Exercise Price

Written By:
Paul Tracy
Updated September 30, 2020

What is an Exercise Price?

An exercise price is the price at which the holder of a call option has the right, but not the obligation, to purchase 100 shares of a particular underlying stock by the expiration date.

How Does an Exercise Price Work?

Options are derivative instruments, meaning that their prices are derived from the price of another security. More specifically, options prices are derived from the price of an underlying stock. For example, let's say you purchase a call option on shares of Intel (INTC) with an exercise price of $40 and an expiration date of April 16th. This option would give you the right to purchase 100 shares of Intel at a price of $40 on April 16th (the right to do this, of course, it will only be valuable if Intel is trading above $40 per share at that point.) As a quick example of how the exercise price determines whether a derivative such as a call option makes money, let's say IBM stock is trading at $100 per share. Now let's say an investor purchases one call option contract on IBM at a price of $2 per contract. Note: Because each options contract represents an interest in 100 underlying shares of stock, the actual cost of this option will be $200 (100 shares x $2 = $200).

Why Does an Exercise Price Matter?

The exercise price of a derivative largely determines whether the investor in that derivative is going to make money. Here's what will happen to the value of this call option: under a variety of different scenarios:

When the option expires, IBM is trading at $105.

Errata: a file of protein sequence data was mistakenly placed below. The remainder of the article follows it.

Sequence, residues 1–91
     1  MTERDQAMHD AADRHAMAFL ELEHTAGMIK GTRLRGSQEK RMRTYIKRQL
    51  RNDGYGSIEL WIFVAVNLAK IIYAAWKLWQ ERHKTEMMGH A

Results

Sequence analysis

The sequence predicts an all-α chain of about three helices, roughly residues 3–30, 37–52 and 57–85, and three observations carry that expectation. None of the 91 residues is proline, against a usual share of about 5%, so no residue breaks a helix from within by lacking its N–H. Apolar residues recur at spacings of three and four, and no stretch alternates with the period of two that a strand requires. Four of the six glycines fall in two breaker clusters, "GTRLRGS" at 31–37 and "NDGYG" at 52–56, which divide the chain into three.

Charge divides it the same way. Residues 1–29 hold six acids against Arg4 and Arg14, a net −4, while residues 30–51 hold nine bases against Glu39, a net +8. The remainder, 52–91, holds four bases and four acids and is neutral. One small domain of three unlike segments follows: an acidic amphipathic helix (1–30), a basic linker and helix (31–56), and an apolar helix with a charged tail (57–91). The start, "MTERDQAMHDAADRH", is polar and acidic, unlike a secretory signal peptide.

Remember: The strike price gives the buyer the right to purchase shares of IBM at $100 per share. In this scenario, the buyer could purchase those shares at $100, then immediately sell those same shares in the open market for $105. Because the strike price is below the market price, this option is “in the money.” Because the investor purchased this option for $200, the net profit to the buyer from this trade will be $300.

When the option expires, IBM is trading at $101.
Using the same analysis as shown above, the call option will now be worth $1 (or $100 total). The strike price is very close to the market price. Since the investor spent $200 to purchase the option in the first place, he or she will show a net loss on this trade of $1 (or $100 total). This option would be called “at the money,” because the transaction is essentially a wash.

When the option expires, IBM is trading at or below $100.

Here, the strike price is higher than the market price. If IBM ends up at or below $100 on the option's expiration date, then the contract will expire “out of the money.” It will now be worthless, so the option buyer will lose 100% of his or her money (in this case, the full $200 that he or she spent for the option).